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Arsenal’s inadequacies begin to shine through

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Well, what a game that was – entertainment wise at least.

And that’s what we want isn’t it? Entertainment? Rather that than a well-drilled, but stifling 0-0 draw or 1-0 win circa Serie A before the 2000s.

The defending was pretty poor in Arsenal’s 6-3 defeat to Manchester City, but the technique of a lot of the play – particularly City’s – was exemplary, and well worthy of any league in the world. But this is not about whether the Premier League is better than the rest. It’s about Arsenal.

With the Gunners 2-1 down and Laurent Koscielny going off injured just before half-time, down goes Sergio Aguero – the man at the focal point of most of the maulings that City have handed out over the last two years – with his own injury.

After Koscielny had gone I was fancying Aguero to get one or two more goals to finish off Arsene Wenger’s side. But when he went off, it seemed that this was that little bit of luck that champions need on top of the fact that this season so far is the best they have played for many years.

Just as this went through my mind, up pops Fernandinho with a third to build a two goal cushion over the league leaders. Soon after, Olivier Giroud misses three gilt edged chances, including the ultimate of scuffs (whereby one goes to hit the ball with one foot, only for the other one to touch it away before the former reaches it), and has a goal disallowed.

Whether Costel Pantilimon would’ve saved it had he not stopped after hearing the whistle is another matter. Shame, because that was by far Giroud’s best effort of the day.

Jack Wilshire had an absolute mare, giving the ball away nearly every time he released it. He missed a clear-cut chance with the score at 0-0 by volleying the ball so far off target that it would have gone for a City throw had Theo Walcott not intercepted it. Needless to say, City went up and scored a minute or so after this thus demonstrating the fine line between winning and losing; which would have been highlighted more prominently had the game finished 1-0 to the Blues.

I heard Mesut Ozil’s name about four or five times throughout the whole encounter. His day was then summed up by the roasting he was given by the club’s captain and his ‘best mate’, Per Mertesacker, for not going over to their fans at the end of the game.

Arsenal’s and Man City’s respective Champions League games during the week pretty much sums up both of their title credentials.

Sure, the Gunners have got a very good looking squad (that makes a change from the so-called ‘ugly’ team featuring Keown and Seaman days), but as has been said many times, it’s up-front where they look very vulnerable.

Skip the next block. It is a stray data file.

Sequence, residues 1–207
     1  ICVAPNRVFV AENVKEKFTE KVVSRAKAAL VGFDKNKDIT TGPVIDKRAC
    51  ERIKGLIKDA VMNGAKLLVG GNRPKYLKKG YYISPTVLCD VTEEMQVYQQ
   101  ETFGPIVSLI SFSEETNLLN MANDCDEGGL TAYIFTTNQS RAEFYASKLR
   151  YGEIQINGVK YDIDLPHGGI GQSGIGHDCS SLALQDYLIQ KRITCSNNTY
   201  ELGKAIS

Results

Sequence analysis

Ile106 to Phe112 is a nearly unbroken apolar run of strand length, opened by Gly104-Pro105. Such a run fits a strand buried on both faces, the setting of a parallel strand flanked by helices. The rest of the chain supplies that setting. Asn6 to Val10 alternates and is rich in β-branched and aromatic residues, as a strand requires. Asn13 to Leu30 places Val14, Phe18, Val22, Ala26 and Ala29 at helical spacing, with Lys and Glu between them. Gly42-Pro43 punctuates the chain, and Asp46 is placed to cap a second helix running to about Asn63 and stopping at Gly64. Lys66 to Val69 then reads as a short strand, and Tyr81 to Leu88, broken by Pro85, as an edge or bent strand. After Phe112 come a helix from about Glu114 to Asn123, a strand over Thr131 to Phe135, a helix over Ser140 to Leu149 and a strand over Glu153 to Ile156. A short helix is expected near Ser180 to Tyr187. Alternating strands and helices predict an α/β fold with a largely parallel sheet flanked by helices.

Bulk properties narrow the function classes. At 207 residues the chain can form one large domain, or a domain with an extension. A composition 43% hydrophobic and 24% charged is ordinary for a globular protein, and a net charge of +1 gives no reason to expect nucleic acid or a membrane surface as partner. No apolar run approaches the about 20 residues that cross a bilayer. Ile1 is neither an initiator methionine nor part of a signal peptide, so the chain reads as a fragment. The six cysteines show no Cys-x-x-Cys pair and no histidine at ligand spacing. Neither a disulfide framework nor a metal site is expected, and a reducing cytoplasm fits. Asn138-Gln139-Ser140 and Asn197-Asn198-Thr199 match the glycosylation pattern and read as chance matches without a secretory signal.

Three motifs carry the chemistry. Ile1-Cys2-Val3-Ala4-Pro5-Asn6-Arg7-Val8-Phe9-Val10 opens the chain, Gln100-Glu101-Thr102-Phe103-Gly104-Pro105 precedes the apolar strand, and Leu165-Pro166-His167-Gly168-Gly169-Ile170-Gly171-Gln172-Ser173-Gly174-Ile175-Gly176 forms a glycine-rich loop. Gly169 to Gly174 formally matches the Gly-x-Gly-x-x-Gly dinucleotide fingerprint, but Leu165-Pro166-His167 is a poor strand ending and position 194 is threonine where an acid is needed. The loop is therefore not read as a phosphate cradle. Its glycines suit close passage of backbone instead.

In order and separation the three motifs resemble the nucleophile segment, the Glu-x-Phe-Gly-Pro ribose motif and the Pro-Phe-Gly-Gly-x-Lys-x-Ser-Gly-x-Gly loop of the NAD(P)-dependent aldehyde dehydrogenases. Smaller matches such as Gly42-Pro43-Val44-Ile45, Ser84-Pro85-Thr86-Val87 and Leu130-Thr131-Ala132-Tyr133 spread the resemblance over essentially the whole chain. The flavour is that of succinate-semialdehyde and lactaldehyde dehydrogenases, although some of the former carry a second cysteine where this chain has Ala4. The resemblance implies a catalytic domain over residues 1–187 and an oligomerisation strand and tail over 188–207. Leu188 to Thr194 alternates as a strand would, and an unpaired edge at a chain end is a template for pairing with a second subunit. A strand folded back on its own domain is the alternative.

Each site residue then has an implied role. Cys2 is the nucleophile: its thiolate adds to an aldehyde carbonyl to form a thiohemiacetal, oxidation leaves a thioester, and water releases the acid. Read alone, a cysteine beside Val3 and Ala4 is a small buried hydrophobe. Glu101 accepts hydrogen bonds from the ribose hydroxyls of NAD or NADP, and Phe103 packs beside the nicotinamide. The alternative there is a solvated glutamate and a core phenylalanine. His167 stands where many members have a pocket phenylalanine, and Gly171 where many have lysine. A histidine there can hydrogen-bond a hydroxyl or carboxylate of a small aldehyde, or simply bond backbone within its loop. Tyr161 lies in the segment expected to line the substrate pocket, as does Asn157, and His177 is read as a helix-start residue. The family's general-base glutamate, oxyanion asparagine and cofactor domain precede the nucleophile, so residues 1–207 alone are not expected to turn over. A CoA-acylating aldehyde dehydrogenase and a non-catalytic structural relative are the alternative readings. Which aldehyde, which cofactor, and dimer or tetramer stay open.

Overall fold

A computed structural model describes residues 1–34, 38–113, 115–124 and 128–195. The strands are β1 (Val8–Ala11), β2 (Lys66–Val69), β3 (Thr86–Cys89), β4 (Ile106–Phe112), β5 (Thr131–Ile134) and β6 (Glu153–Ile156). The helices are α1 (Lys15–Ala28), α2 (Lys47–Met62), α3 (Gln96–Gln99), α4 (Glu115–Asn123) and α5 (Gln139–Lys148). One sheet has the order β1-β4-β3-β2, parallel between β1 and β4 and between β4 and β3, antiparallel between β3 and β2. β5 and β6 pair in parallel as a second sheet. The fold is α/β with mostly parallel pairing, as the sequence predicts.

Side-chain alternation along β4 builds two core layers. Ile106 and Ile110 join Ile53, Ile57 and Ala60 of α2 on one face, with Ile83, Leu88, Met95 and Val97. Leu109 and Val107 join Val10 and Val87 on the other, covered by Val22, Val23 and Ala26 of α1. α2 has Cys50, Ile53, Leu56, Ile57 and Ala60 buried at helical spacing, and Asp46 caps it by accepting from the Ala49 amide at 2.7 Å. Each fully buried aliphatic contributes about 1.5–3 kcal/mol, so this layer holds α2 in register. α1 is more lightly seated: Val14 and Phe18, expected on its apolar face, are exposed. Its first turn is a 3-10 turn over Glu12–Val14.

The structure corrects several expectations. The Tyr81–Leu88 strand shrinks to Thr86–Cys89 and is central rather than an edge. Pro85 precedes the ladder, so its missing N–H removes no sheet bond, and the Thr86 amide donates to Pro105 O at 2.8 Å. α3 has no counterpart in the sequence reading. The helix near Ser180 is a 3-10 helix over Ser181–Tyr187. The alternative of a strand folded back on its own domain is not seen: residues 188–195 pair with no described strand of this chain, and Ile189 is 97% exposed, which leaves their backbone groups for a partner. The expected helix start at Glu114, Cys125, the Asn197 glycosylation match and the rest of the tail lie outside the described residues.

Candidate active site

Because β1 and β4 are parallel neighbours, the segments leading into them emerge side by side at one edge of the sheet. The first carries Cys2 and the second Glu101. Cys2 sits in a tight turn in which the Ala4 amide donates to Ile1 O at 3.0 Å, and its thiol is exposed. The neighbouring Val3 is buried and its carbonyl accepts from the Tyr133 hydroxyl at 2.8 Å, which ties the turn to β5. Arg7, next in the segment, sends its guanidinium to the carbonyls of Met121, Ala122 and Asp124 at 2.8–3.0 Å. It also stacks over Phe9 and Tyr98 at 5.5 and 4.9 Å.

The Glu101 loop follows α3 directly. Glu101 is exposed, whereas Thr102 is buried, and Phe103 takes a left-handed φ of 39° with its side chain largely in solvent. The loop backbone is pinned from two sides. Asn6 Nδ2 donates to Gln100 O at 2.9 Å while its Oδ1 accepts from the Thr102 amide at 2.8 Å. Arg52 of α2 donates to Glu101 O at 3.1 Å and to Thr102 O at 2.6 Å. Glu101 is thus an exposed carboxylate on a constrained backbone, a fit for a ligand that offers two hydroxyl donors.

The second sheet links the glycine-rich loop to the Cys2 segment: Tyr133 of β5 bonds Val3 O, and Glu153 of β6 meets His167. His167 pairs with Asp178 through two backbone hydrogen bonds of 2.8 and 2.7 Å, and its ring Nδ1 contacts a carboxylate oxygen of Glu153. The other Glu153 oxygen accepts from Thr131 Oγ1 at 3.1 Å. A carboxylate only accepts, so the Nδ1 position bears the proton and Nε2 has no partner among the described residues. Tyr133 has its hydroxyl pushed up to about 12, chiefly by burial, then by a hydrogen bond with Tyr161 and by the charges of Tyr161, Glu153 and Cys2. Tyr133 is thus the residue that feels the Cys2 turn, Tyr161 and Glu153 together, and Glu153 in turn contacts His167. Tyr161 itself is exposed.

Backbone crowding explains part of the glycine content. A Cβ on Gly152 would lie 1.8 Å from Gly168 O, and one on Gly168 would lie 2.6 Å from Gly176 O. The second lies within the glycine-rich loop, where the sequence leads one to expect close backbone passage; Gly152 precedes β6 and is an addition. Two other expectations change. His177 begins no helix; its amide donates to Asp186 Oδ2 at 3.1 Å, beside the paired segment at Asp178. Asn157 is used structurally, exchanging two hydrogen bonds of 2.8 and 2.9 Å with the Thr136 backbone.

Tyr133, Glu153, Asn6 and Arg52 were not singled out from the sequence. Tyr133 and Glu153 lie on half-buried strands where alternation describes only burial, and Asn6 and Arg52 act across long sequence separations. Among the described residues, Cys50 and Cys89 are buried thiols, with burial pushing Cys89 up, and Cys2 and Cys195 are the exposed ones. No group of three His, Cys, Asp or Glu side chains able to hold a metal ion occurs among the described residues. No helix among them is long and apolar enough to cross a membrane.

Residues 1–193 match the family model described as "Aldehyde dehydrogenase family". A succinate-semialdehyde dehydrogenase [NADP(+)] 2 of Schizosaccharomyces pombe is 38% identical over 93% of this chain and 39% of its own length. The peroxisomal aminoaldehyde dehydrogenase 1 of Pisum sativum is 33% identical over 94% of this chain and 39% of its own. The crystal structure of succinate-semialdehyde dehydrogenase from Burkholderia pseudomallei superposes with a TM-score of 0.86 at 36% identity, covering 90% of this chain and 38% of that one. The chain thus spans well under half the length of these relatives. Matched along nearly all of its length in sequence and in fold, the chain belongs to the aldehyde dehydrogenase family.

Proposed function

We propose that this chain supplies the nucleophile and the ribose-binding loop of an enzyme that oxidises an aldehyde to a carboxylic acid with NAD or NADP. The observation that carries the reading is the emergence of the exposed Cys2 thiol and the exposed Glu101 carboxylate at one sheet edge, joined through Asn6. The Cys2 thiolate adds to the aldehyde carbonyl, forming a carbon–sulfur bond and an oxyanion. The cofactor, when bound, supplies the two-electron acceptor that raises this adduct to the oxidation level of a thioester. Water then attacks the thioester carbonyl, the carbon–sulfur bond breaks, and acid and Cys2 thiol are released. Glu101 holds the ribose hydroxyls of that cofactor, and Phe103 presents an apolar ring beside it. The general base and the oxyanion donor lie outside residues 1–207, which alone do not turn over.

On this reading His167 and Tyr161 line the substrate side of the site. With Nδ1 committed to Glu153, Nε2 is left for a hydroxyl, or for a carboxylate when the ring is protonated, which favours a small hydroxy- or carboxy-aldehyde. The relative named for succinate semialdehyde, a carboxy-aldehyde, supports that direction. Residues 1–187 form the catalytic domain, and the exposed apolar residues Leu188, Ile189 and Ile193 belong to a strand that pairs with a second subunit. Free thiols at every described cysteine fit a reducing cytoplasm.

City left out Aguero and Negredo, but brought in the proven Edin Dzeko, whereas Arsenal played Giroud in both games with only Bendtner for back-up.

All this, coupled with the fact they had a penalty appeal waved away plus a dubious disallowed goal from Nicklas Bendtner, would seem to indicate that they might not have the luck needed to win the title let alone more important matters like creating and converting the chances needed to achieve such a triumph.

Considering the money that footballers are on I don’t think they could complain if they were made to train and play a match every day, but Arsenal’s grievances with the fixture lay-out are understandable.

They would have had one day less to recover than City whatever time their game was scheduled for, but having three days instead of two to recuperate would have put them on a more level footing with Manuel Pellegrini’s men. Common sense would dictate that Aston Villa and Manchester United would have played out their match on Saturday.

We should take that into account, but Mertesacker’s admission after the game against Napoli that him and his Arsenal team-mates had given: ‘‘10 per cent less mentally because we knew were through’’ was telling.

It could well be a sign along with their luck that, although they may have overcome some barriers in their quest to land a first league title since 2004, and a first major trophy since 2005, they are not quite ready to win this campaign’s Premier League.

What do you think of Arsenal’s title chances? Feel free to leave me any comments on here and/or on Twitter, Facebook, WordPress or Tumblr:

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This article has been written by a member of the GiveMeSport Writing Academy and does not represent the views of GiveMeSport.com or SportsNewMedia. The views and opinions expressed are solely that of the author credited at the top of this article. GiveMeSport.com and SportsNewMedia do not take any responsibility for the content of its contributors.

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